There has long been a sizable gap in communication between the scientific community and the general public. For many, the sciences are often intimidating and difficult to grasp. Jargon in scientific literature makes science inaccessible to the layman and it can be difficult to succinctly translate scientific concepts into common terms. From the scientific community’s perspective, communicating discoveries in a way that non-scientists will understand is not often a top priority. This disconnect only increases the further one delves into niche science fields.

In terms of discovery, in recent decades, neuroscience has grown in leaps and bounds, and this growth has profound consequences [1][2]. Frequent and massive influxes of information further exacerbate the gap, which manifests as overblown hype for popularized discoveries, improper utilization in policy, and spread of misinformation. Even now, those interested in translating neuroscience discoveries still fall short of adequately representing the neuroscience community. The brain is a difficult organ to study and even more difficult to explain; like other rapidly growing fields of study, new vocabulary appears almost daily and can seem like a completely different language. Differences in jargon between subfields of neuroscience are incredibly diverse, even befuddling neuroscientists themselves from time to time.

As members of a growing field, neuroscientists have a responsibility to improve the presentation of neuroscience topics to the general public. These experts pioneering advancements in neuroscience are in the best position to bridge the gap between neuroscience and society as they have dedicated their careers to studying the human brain. Failing to do so could harm both the neuroscience community and the general public in the long term. Until then, misinformation sows discord and creates a barrier to progress in both neuroscience research and public understanding of those discoveries.

Neuroscience in the Public Eye: Public Perception

From the push for proper representation of neurodivergent individuals in entertainment to nutritionists explaining the gut-brain connection, advances in the field of neuroscience have become a frequent topic in popular media and everyday conversations. Like scientists, the general public has a great interest in learning more about our beautiful brains. Unlike scientists, however, the average individual in the general public lacks the foundation necessary to adequately understand the research published by neuroscientists. Colorful and strange brain images are eye-catching and interesting to a reader, but to the untrained eye, an electroencephalogram (EEG) looks more like a pen scribble than a recording of the brain’s electrical activity. Even MRIs that readers recognize as brain scans might still look like a vague, dark image with seemingly random colorized regions, but to the neuroscientists producing the scans, these MRIs provide much more information beyond serving as a picture of the brain.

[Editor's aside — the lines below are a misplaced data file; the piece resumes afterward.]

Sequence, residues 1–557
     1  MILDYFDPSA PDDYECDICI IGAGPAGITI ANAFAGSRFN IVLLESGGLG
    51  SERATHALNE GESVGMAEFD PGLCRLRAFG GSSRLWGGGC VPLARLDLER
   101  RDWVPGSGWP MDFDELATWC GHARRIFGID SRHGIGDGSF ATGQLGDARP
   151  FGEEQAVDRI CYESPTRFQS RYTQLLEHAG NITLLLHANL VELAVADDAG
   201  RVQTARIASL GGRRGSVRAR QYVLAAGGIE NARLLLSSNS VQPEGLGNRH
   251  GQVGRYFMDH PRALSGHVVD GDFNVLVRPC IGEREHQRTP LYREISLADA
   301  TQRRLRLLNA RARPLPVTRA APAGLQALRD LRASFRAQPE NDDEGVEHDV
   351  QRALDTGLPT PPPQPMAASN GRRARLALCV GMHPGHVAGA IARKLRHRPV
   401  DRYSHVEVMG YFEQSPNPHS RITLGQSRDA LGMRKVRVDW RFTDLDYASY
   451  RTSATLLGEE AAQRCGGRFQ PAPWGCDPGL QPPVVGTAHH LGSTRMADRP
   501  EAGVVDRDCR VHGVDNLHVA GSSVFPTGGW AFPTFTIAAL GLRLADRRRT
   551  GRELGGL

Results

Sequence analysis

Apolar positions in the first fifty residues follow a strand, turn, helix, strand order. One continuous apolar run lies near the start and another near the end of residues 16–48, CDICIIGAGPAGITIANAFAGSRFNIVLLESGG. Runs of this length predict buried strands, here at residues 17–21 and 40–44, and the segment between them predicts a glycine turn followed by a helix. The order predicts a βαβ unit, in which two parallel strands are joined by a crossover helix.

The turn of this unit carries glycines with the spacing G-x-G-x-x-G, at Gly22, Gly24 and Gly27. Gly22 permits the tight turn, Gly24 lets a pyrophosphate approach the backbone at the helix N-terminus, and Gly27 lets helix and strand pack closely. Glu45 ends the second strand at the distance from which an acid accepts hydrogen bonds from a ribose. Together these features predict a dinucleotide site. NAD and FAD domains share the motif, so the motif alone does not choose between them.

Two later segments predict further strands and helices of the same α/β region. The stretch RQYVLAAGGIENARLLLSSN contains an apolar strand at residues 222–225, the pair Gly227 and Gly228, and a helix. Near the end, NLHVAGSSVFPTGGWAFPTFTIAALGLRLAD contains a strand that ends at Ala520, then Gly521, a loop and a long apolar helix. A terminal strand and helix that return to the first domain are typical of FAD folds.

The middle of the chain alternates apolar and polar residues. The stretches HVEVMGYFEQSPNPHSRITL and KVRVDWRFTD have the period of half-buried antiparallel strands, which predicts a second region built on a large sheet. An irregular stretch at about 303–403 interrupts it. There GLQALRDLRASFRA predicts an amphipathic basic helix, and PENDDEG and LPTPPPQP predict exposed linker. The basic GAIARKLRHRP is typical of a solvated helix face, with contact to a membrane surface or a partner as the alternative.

Generally, readers rely on others to take this research and repackage it in a palatable form. While there are many writers of scientific literature that do this assignment justice, there are even more situations where neuroscientific discoveries are misinterpreted, misrepresented, or simply not represented at all. Popularizing neuroscience is certainly good, but there is legitimate concern for current and future misrepresentation of neuroscience topics, including the seductiveness of neuroscience, oversimplification of complex neuroscientific questions, and misleading media coverage [3][4].